Obviously stage-dances would more than likely have been character performances, probably intended to reinforce the ‘wild Irish’ stereotype. From the 1650s on the occasional country dance with ‘Irish’ in the title appeared in print. Several of these were fairly common dance-types, and it is impossible to say if the adjective meant that the dance itself originated in Ireland, or if it was merely danced to an Irish tune. As we have seen above, things Irish seem not to have been as popular with Queen Elizabeth I and her court as they were her brother Edward VI and his. But as the queen declined in the last years of her life - she died in March 1603 - one of her pleasures was to watch her courtiers dance country dances. In 1600 it was reported that

‘Her Majestie is in very good health, and comes much abroad these holidays; for almost every night she is in the presence, to see the ladies daunce the old and new Countrey dances, with the taber and pipe.’ 102

 The ‘old’ country dances were probably the traditional ones originating in rural areas, while the ‘new’ dances are likely to have been sophisticated figured dances that developed under the influence of the court-dances. 103 More intriguing, from an Irish point-of-view, is a letter the earl of Worcester wrote to the earl of Shewsbury in December 1602:

‘We are frolyke heare in Cowrt; mutche dauncing in the privi chamber of contrey dawnces before the Q.M., whoe is exceedingky pleased therewith: Irish tunes are at this tyme most pleasing; but in wynter, Lullaby, an owld song of Mr. Bird’s wyl be more in request, as I think’. 104

Elizabeth’s ‘black husband’, Thomas, earl of Ormond, survived his royal mistress by eleven years, blind and increasingly suspicious and querulous as the succession to his lands and title hung in the balance in the absence of a legitimate son. But the popularity of ‘Trenchmore’ and ‘Callino’, both of which he is likely to have been the means of transmitting to the Tudor court, outlasted him and many of his successors. For ‘Callino’ was, like ‘Trenchmore’, to leave descendants in traditional music, and songs are still sung to variants of the air. 105




1. The tune is discussed in William Chappell, The ballad literature and popular music of the olden time (2 vols., London 1858-9), I, pp 82-4; Claude M. Simpson, The British broadside ballad and its music (New Brunswick, 1963), pp 716-17; John M. Ward, ‘Apropos The British broadside ballad and its music’, Journal of the American Musicological Society xx, 1 (Spring 1967), 77-8.

2. E.K. Chambers, The medieval stage (2 vols., Oxford, 1903), I, pp 403-4.

3. Albert Feuillerat (ed.), Documents relating to the revels at the court at the time of King Edward VI and Queen Mary (London, 1914), p. 79.

4. Stephen Gosson, The school of abuse, containing a pleasant invective against poets, pipers, players, jesters, &c (London, 1598), ed. by Edward Arber (London, 1841), p. 23.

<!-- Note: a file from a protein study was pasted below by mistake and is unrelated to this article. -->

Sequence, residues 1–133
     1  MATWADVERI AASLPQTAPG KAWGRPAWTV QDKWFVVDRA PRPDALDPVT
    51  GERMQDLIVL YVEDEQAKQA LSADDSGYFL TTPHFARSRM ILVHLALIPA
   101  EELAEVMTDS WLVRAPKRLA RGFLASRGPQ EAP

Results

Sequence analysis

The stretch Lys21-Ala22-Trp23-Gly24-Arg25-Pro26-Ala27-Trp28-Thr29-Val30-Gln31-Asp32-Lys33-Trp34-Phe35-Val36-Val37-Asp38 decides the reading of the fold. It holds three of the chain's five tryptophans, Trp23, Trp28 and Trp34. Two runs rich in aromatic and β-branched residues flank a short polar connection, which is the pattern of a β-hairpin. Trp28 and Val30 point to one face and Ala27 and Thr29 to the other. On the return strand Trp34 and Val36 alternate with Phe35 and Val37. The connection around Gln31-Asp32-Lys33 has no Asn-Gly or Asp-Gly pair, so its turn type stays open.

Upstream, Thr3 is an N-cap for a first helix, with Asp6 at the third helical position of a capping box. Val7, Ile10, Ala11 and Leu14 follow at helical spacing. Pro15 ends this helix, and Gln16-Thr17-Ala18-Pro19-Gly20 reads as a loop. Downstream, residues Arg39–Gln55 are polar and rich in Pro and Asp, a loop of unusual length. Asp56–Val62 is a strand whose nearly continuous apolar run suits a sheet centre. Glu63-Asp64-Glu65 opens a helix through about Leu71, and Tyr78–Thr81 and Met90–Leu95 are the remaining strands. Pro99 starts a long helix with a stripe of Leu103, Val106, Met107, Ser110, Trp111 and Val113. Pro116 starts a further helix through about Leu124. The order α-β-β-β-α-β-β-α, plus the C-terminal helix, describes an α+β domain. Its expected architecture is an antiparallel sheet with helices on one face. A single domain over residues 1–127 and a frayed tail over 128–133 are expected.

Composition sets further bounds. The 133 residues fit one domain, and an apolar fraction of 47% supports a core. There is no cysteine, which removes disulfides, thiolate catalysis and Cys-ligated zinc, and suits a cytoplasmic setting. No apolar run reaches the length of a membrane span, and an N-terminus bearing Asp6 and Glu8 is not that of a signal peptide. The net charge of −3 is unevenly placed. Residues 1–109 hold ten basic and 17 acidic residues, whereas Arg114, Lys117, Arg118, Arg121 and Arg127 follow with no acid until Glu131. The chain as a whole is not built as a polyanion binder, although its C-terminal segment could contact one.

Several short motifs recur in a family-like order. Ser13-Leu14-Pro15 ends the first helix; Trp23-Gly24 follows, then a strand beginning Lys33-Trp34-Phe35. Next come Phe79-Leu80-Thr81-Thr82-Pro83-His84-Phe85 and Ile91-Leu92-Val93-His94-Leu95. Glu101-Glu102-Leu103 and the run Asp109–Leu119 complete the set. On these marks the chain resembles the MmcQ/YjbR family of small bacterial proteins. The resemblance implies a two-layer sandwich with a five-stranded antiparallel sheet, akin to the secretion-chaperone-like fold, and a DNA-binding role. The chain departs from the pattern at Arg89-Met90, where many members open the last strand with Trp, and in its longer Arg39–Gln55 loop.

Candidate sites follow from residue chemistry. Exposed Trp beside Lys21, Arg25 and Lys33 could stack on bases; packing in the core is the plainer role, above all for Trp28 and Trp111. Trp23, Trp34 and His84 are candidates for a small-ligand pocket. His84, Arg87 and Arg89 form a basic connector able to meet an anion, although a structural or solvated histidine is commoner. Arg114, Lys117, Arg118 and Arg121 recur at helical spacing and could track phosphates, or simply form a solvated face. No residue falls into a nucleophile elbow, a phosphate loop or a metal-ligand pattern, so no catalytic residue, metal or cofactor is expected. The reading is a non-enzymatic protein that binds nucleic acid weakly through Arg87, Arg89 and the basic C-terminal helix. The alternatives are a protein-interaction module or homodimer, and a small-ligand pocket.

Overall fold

5. Merritt E. Lawless (ed.), The novels of Thomas Deloney (Indiana, 1961), p. 192.

6. William G. Baskervill, The Elizabethan jig and related song drama (New Haven [Conn.], 1963), pp 342-3, 362.

7. Nicholas Breton, Wits Trenchmour, in a conference had betwixt a scollar and an angler (London 1597), in A.B. Grosart (ed.), The works of Nicholas Breton (2 vols., London, 1879), II, p. 20.

8. Christopher Devlin, The life of Robert Southwell, poet and martyr (London, 1956), p. 283. Hanging in fetters was considered to be more effective than the rack and, technically, the victim had not been tortured (ibid., pp 284-6).

9. John Marston, The metamorphisis of Pigmalions image & certain satires (London, 1598), ii, 145 (quoted in the Oxford English Dictionary under ‘Trenchmore’).

10. Ralph Holinshed (ed.), The chronicles of Englande, Irelande and Scotlande (2 vols., London, 1577), II, p. 16. For ‘Quipassa’, or ‘Chi Passa’, see Simpson, Broadside ballad, pp 101-3.

11. Hans Wallrath (ed.), William Sampson’s Vow Breaker (Louvain, 1914) p. 28.

12. William Chappell and Joseph Woodfall Ebsworth (eds.), The Roxburghe ballads (9 vols., Hertford, 1875-99), VII, pp 343-4. Simpson, Broadside ballad, p. 718, suggests that ‘Trenchmore’ in the title simply meant a fast, tripping rhythm.

13. The London Prodigal ‘by William Shakespeare’ (London, 1605; rep. 1910), Act I, Scene 2.

14. Simpson, Broadside ballad, p. 717.

15. Margaret Dean Smith and E.J. Nichol, ‘THE DANCING MASTER: Part III, our country dances’, Journal of the English Folk Dance Society iv, 6 (Dec. 1945), 226-7.

16. Kemps nine daies wonder: performed in a Morris daunce from London to Norwich (London, c. 1600), ed. by Alexander Dyce (London, 1839), pp 1, 6.

17. Quoted in Simpson, Broadside ballad, p. 717.

18. Fredson Bowers (ed.), The dramatic works in the Beaumont and Fletcher canon (8 vols., Cambridge, 1966-92), V, p. 635; VI, pp 113, 182.

19. Frederick Pollock (ed.), The table talk of John Selden (London, 1927), p. 65. The 1890 edition of this work, edited by Arthur Warwick, differs in minor details, though the dance-title is spelt in the normal way (p. 77); see also Note 43 below.